Adoption of a child with BPFFD

Dear friends,

My husband and I are Americans living and working in the Republic of Armenia since 2008. We have a son, age 5, with normal anatomy (he was born with a heart condition, but had surgery and is now normal in that regard -- long story), and for years we have been trying to adopt a little sister for him. After finally receiving approval from the Armenian government last August, we were permitted to see the list of available children...and it seems all of them have serious mental and/or physical health conditions. It turns out that due to corruption, all the healthy children are on another list, and you have to pay some shady guy $25,000 or more to adopt one of those kids. (We knew there was corruption in the Armenian government, but we didn't realize it went as far as child trafficking...another long story...)

Anyway, there were very few options on the list considering we did not want to adopt a child with anything more than a minor, correctable condition. Then in December 2012 we had the chance to meet and spend some time with a 4 year-old girl -- named Angela, like me -- who is absolutely adorable, intelligent, and just the right age to join our family. She has bilateral PFFD. She walks with a wide, waddling gait, but does not seem to suffer from pain or any related chronic conditions. We took her to get x-rays and exams with a US-trained orthopedic doctor in Yerevan, the capital city (her first x-rays and diagnosis, since the orphanage "doesn't have enough money" to provide such services, even though they recently underwent a thorough renovation, grrrr), and after speaking also with the chief of staff at Shriner's Hospital in Tampa, Florida (where we are from), they both seemed positive that she would be able to live a relatively normal and independent life without surgical treatment of any kind, though the doctor at Shriner's said that double amputation was an option...we are not convinced about that.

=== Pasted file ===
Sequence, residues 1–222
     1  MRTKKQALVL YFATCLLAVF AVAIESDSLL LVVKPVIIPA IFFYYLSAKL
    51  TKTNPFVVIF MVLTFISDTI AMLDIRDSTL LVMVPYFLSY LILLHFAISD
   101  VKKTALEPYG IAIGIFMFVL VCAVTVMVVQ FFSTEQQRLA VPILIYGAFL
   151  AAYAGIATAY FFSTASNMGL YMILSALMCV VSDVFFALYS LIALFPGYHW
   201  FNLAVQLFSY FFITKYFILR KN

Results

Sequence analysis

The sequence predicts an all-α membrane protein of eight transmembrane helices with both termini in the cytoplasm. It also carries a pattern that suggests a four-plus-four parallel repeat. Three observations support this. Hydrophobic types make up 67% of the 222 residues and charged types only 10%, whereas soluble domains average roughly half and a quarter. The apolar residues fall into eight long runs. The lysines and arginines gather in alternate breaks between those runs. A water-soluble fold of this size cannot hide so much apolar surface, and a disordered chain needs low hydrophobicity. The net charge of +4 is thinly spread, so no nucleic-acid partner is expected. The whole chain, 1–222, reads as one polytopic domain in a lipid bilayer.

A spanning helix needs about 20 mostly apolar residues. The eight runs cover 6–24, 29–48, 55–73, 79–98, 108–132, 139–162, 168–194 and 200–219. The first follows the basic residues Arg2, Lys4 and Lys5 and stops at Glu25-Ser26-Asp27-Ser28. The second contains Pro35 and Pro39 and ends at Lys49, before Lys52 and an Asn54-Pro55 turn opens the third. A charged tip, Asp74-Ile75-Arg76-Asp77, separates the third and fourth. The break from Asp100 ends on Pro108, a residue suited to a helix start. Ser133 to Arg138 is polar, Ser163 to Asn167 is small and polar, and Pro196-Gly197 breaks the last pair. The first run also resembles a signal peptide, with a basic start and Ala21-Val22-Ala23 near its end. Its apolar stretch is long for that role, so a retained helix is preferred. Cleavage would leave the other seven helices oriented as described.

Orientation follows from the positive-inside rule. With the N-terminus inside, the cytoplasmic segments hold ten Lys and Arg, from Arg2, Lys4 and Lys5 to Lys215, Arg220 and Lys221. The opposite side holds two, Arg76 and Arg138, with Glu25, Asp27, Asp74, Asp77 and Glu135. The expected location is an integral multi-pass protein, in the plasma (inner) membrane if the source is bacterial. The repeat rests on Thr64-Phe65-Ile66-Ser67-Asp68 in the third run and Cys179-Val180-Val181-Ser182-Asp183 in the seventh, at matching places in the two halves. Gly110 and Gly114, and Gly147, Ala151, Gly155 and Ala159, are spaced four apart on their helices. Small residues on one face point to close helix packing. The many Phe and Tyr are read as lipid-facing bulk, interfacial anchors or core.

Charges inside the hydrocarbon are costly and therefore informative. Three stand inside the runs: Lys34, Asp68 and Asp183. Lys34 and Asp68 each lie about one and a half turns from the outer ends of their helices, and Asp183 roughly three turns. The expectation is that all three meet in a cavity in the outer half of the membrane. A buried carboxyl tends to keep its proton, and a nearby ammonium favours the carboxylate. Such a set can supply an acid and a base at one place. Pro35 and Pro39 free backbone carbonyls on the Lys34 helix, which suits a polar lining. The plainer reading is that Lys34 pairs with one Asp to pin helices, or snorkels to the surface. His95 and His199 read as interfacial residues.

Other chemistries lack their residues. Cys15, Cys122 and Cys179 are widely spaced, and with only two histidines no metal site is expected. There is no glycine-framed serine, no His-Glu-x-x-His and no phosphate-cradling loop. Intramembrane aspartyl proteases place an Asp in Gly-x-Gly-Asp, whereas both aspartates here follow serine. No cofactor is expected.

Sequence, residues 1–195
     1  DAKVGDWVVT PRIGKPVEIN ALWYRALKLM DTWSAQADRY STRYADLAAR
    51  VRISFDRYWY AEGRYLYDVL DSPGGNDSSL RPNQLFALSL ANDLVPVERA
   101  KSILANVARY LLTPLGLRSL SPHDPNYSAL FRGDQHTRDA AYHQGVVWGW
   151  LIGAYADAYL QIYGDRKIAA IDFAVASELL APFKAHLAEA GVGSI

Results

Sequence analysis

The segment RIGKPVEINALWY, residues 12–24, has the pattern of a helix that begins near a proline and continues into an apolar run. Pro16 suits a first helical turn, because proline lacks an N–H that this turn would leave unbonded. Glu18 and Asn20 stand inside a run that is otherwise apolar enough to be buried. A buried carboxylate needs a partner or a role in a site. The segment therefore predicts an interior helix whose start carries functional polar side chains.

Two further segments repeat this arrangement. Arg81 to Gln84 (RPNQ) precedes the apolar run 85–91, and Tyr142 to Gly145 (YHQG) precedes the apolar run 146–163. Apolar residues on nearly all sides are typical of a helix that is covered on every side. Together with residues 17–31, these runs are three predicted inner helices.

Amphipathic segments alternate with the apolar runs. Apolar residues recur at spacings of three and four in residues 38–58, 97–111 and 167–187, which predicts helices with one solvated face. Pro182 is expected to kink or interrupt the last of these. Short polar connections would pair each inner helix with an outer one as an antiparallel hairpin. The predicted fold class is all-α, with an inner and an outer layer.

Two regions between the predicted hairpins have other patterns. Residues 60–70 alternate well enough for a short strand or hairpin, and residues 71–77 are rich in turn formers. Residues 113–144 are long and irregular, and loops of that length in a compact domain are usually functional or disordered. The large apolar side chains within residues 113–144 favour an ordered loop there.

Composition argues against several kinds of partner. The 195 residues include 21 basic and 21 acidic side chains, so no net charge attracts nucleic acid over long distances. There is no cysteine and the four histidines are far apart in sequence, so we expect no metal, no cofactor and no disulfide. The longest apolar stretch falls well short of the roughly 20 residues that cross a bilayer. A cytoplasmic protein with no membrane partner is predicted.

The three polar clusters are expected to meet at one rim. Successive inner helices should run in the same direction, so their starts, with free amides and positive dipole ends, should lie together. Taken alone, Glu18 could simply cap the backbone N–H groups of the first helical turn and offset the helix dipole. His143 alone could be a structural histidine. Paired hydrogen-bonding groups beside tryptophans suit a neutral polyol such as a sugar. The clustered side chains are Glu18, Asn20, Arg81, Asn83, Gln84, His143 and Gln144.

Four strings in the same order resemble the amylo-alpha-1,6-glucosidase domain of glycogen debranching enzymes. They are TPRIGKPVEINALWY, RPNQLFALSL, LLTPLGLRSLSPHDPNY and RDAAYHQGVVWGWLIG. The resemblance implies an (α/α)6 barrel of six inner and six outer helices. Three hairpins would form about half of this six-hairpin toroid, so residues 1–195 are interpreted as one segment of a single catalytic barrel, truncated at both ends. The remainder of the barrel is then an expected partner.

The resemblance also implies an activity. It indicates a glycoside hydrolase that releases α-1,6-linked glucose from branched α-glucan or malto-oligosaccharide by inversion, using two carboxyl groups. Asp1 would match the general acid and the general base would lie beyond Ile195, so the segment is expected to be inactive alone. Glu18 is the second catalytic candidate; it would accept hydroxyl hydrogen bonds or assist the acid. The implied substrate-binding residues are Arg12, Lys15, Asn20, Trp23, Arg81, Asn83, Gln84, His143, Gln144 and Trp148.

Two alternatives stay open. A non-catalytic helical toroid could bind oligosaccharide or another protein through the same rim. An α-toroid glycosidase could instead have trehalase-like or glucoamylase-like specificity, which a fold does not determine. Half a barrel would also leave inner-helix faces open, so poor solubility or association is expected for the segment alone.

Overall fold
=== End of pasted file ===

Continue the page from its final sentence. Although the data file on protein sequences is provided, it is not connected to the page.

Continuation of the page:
Despite the doctors' confidence, we are hesitant about completing the adoption -- we want to know what we're really getting ourselves into. We realize that there are many things we cannot know for certain, but when we came across this community, we thought it would be the best place to ask our questions. So if you're out there, living with this condition, I hope you can take a few minutes to give us some useful feedback based your own experience.